PITTSBURGH, PENNSYLVANIA – Scooter strides down the hospital hallway as if he owns the place, front legs trotting quickly and back wheels spinning briskly, propelling the platform which supports the cat’s paralyzed hind legs.
“Who wants to say hi to Scooter?” asked Betsy Kennon, the veterinarian who saved the cat’s life just eight years ago and then took him to her Natrona Heights home.
“I do!” said Melanie Wiler, the first to answer the question addressed to patients in a large therapy room located at HealthSouth Harmarville Rehabilitation Hospital.
Veterinarian Betsy Kennon’s cat Scooter, who is paralyzed and uses a wheelchair loves to visit patients at Healthsouth Harmarville Rehabilitation Hospital.
“I love cats,” said Ms. Wiler, of Pittsfield, Warren County. “I have two at home — Mocha and Carmel.” But, she added, “Scooter is inspirational. He is in a wheelchair, and I am in a wheelchair. If he can do it, I can do it.”
”Scooter’s disability is not a handicap,” Dr. Kennon tells patients. The black-and-white tuxedo cat “doesn’t want to be pitied or helped. Scooter wants to be as much as he can be — by himself.”
Every Wednesday for the past eight years, the therapy cat has accompanied Dr. Kennon to HealthSouth. Many of the patients there are in wheelchairs, rehabilitating from strokes, accidents or amputations.
Therapy animals such as Scooter relieve stress and make people smile.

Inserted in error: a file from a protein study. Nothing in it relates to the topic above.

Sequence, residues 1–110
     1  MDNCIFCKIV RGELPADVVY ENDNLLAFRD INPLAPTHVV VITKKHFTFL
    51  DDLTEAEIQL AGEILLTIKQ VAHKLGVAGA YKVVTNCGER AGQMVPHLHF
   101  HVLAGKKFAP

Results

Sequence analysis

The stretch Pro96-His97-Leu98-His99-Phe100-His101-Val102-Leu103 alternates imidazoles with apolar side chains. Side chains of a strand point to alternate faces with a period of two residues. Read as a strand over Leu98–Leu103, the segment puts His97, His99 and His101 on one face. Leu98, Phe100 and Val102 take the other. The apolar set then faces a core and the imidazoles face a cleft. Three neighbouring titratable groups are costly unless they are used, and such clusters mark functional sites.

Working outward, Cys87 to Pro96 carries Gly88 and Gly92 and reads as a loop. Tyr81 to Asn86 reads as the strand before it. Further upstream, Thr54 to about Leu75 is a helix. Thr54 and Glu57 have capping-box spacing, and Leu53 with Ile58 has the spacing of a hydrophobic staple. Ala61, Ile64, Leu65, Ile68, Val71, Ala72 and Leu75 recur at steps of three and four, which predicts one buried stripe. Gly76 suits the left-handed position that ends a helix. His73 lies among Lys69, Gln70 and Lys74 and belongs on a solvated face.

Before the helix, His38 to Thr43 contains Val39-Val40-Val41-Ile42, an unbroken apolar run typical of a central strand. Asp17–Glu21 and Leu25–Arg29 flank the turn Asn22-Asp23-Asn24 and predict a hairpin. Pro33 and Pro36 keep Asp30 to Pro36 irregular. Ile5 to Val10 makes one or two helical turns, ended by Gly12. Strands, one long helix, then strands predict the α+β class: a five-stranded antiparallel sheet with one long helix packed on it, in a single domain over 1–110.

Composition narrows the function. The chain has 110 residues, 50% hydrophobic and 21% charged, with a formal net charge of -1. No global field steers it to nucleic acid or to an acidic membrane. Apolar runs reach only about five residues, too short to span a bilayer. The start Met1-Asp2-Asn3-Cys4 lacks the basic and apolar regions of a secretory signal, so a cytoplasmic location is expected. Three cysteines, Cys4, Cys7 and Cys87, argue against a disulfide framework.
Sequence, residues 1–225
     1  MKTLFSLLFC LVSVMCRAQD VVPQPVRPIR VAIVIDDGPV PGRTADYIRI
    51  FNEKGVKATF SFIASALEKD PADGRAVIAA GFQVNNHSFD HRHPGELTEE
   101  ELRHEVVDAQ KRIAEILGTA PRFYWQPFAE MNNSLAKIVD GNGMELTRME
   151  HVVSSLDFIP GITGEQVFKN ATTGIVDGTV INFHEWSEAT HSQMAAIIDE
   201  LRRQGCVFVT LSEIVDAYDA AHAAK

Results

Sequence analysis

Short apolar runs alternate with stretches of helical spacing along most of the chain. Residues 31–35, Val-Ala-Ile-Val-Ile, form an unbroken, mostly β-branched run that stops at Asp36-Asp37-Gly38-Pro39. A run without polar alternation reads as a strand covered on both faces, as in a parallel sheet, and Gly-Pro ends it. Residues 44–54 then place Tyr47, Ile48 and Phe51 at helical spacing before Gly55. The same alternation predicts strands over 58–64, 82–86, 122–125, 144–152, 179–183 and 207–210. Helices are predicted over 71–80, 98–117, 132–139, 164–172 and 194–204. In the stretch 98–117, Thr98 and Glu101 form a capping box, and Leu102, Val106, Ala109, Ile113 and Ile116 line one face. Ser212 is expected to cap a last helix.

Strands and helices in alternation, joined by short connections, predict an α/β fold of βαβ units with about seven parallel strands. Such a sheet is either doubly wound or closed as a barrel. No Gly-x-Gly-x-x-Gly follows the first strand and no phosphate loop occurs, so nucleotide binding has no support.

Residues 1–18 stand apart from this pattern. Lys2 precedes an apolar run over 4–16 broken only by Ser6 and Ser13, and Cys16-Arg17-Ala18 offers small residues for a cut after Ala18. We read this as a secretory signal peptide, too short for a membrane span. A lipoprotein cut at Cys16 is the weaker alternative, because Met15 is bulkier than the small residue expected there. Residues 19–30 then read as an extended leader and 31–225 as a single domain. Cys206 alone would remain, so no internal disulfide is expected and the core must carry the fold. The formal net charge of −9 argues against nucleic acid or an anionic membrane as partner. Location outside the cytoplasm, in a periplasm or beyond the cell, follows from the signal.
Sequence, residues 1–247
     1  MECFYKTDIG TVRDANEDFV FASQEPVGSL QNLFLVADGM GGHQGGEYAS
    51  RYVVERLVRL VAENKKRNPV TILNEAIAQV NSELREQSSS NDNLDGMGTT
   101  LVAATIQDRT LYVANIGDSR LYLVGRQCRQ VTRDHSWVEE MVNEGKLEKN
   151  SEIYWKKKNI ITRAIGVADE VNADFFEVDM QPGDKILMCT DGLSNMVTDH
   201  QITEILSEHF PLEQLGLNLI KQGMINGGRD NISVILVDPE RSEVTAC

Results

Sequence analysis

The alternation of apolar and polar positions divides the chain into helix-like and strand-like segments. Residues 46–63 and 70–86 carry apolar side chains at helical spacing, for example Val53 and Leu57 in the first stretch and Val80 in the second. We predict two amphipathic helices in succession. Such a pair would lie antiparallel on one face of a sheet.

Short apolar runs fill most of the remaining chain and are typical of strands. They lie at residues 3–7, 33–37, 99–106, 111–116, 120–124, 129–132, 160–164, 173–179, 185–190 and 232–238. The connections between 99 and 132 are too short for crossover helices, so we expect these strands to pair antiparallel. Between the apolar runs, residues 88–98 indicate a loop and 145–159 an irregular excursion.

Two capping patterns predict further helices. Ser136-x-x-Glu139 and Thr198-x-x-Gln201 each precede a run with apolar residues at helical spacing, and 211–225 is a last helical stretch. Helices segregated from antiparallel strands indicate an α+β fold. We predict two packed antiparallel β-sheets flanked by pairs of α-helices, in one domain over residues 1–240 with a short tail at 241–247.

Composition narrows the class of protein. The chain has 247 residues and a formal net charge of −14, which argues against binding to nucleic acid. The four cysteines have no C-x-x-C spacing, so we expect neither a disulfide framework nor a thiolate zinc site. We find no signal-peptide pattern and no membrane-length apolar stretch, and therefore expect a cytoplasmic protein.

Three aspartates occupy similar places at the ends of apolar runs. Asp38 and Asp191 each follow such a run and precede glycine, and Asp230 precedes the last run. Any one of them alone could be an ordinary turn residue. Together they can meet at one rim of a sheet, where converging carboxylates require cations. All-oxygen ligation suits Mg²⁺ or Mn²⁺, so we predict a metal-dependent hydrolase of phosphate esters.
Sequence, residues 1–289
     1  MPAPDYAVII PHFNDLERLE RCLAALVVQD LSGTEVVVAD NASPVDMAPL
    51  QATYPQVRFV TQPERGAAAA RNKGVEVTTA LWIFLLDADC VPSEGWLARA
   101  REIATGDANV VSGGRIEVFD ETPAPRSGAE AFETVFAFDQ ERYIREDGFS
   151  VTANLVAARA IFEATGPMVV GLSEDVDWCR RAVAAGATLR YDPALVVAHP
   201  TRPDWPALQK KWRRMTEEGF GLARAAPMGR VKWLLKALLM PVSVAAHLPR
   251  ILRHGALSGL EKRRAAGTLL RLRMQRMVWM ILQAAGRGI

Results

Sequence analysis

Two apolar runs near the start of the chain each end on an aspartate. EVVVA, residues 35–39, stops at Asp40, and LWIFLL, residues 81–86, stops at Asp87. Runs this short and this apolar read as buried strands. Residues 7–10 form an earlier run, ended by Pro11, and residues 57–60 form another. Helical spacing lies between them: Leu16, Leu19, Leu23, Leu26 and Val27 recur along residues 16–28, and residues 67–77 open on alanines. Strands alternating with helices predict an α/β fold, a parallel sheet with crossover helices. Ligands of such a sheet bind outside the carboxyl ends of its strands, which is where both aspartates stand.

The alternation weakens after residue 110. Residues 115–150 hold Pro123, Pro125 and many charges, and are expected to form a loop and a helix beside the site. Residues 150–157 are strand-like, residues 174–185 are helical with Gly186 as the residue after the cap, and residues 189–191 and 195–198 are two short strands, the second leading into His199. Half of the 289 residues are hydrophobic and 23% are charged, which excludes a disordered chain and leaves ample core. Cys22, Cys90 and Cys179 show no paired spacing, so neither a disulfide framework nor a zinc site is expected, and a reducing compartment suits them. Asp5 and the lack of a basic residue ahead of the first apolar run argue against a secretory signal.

Scooter also serves as a therapy cat for the staffmmbers.
“I am his best friend,” said Robert Totten, a rehabilitation therapy technician. “Scooter is an amazing miracle.”
Dr. Kennon, a veterinarian at VCA Northview Animal Hospital in Ross, often picks up her cat and puts him in the laps of patients.
“You can pet him anywhere, except his feet,” she tells patients. ”Even then, he would just pull his feet away.He would never hiss, bite or scratch.”
Scooter also never meows or purrs while he’s working, which is at least two days each and every week. Dr. Kennon can tell he’s happy and never stressed during therapy visits because his ears are up and he makes eye contact with his big, yellow eyes with patients and staff.
Scooter was just 6 months old, an apparent stray, when a tearful client brought him to the veterinary clinic. He said his Siberian husky brought the kitten home, and at first, the client thought his dog had nearly killed it.
The kitten was in shock and was not able not move his back legs, but there were no signs of bite marks.
“I think the dog saved the kitten’s life,” Dr. Kennon said. A vertebrae had been crushed. It’s possible he had been hit by a car.
At home Scooter lives a “normal” cat life, getting along with three big dogs. He doesn’t use the wheelchair at home — he scoots around the house using the front end of his body. He wears a baby diaper which protects his back end from the friction of carpets and floors.
Scooter runs, but he isn’t able to jump. He goes up and down carpeted stairs. He can get up on couches, but he can’t get himself up onto beds at all because they are too high. However, he has killed six mice in the basement.
Scooter’s other “work” includes a monthly visit to Heritage Hospice located in New Kensington and weekly visits to Oakmont Center for Nursing and Rehabilitation, Golden Living Center in Murrysville, Concordia at Cabot and also Platinum Ridge Center for Rehabilitation and Healing in Brackenridge.
Although therapy dogs are most common, therapy cats are not numerous, so Scooter has become somewhat of a celebrity everywhere he goes. Back in 2012, he was named the ASPCA Cat of the Year.
In August 2010, he was just one of six animals featured in a Reader’s Digest cover story titled “Amazing Pets.”
Video and photo by Andrew Rush, 3/24/2016